Episode Title: 'Three Coins in a Fuchsbau'
Writer: David Greenwalt & Jim Kouf
Director: Norberto Barba
When a trio of thieves rob an antique store, the owner locks himself in the vault, opens a box containing three coins and swallows them. Moments later, the door to the vault is blown open by an explosion. Later, the thieves argue over who stole the coins they were after. The leader of the group returns to the store in search of the coins. Meanwhile, his two henchman are killed by a third party.
Back at the shop, Nick (David Giuntoli) and Hank (Russell Hornsby) investigate the scene, while the leader of the thieves watches from afar. Back at the precinct, Nick recognizes the car in the surveillance video from the crime scene. Meanwhile, the man who killed the two thieves confronts their leader, identified as a Spaniard named Soledad, about the location of the coins. He claims not to know where they are.
After tracking the car from the crime scene to a residential location, Nick and Hank bust in. The two thieves leave but the third man, later identified as Farley Colt (Titus Welliver), gives himself up. Nick sees Colt transform into a creature. Outside the house, an officer is attacked by Soledad.
Nick and Hank learn that the victim swallowed three coins before dying. Dr. Harper (Sharon Sachs) reluctantly hands the coins over to Hank who is equally reluctant to give the coins to Renard (Sasha Roiz) to log as evidence.
Colt tells Nick that he and Soledad were both after the coins, which date back to ancient Greece. Farley explains that those who possess the coins become consumed with them and the quest for power. In fact, the coins are responsible for the rise and fall of some of the greatest dynasties and empires in the history of the world. The last known owners of the coins were Grimms from Rhinebeck, New York who were keeping them from falling into the wrong hands. When the couple was killed in a car accident, the sister took custody of their son. Nick realizes Farley is likely talking about his parents.
That night, Soledad goes after Harper while Nick does some research in the trailer. Monroe (Silas Weir Mitchell) stops by to help but winds up geeking out over Aunt Marie's collection of old German film projectors. Meanwhile, Renard becomes obsessed with the coins and calls a press conference to talk about the state of law enforcement in Portland.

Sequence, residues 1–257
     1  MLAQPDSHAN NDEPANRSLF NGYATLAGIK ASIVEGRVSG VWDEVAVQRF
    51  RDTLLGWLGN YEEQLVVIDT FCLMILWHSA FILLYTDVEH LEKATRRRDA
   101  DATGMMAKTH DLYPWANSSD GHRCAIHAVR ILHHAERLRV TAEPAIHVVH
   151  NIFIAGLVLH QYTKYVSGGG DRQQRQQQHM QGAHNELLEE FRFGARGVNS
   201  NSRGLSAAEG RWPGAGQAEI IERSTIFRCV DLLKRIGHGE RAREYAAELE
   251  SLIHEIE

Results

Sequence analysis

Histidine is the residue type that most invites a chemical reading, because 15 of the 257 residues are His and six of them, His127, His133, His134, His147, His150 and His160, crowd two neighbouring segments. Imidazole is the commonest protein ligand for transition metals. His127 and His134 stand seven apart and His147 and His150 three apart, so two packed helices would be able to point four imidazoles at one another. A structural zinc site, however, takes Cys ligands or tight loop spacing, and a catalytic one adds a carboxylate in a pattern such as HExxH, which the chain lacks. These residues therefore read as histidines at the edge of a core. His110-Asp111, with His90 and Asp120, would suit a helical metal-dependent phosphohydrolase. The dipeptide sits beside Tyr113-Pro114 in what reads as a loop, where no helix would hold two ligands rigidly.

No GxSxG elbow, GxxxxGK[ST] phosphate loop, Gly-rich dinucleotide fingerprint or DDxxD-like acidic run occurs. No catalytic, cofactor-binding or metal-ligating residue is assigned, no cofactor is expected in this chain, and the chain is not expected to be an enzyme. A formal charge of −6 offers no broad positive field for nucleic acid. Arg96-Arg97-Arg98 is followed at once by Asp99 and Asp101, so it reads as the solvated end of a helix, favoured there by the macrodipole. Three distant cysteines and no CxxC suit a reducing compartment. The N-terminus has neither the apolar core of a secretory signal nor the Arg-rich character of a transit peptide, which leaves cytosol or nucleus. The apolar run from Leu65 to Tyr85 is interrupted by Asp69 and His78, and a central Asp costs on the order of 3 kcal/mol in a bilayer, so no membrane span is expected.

After letting Colt go, the detectives go to his hotel room where they find a suitcase containing film reels and letters from Nazi Germany. Nick questions Colt and learns that the woman he was seeing was his Aunt Marie. He tells Nick that Soledad, who's already attacked Harper, is likely impersonating a cop in order to get to the coins.
Nick and Hank learn that Renard is holding the coins. After releasing Colt, the three find Renard in the parking garage where he's attacked by Soledad. Shots are fired leaving Soledad for dead and Colt gone. Later, Nick finds Colt in his hotel room where he confronts him about taking the coins from Renard. Nick retrieves the coins and watches Colt's film reel in Aunt Marie's trailer. The film shows Adolf Hitler transforming into a vessen while giving a speech.
Here we have a show with so much potential that just refuses to evolve. "Grimm" got off to a bad start, quickly improved and is now just stuck. We're thirteen episodes in and the game hasn't really changed much. In a show that deals with the kind of wacky, supernatural phenomenon that "Grimm" does, that just doesn't work.
Every week, I bitch about Hank and his "golly gee" reactions to all the weird stuff that goes on around him. Last week, we had a medieval "Fight Club" in Portland. This week, it's a set of strange coins that make people, Hank including, a little manic. That's not to mention all the previous cases the two have handled. What little interior logic the show has setup is beginning to crumble under the weight of its own believability.
On a positive note, we went a tiny bit deeper into Nick Burkhardt's backstory. We learned his parents were likely killed over coins by a Spaniard named Soledad. That still doesn't tell us much about Nick Burkhardt or Grimms in general.
For his part, Titus Welliver exceeds in the role of the mysterious power player, much like he did on "Lost," "Sons of Anarchy," and heck, even "Prison Break." He was certainly more compelling than any of the series regulars (except maybe Sasha Roiz) in this episode.
The idea that three ancient coins and their magical aura could drive nations to ruin isn't terribly original but its a fun premise. I'd be much more enthusiastic if it moved any of the character storylines even an inch forward.
I guess it really comes down to what kind of show "Grimm" wants to be. It can continue to keep Nick in the closet and function as a gruesome, supernatural procedural, but most of the fans who tuned in for a genre show will likely lose interest. And straight-up procedural fans will find the show too "out there" to tune in, week after week. Which means it's time to start taking chances on some real storytelling before it's too late.
Crave Online Rating: 7.5 out of 10.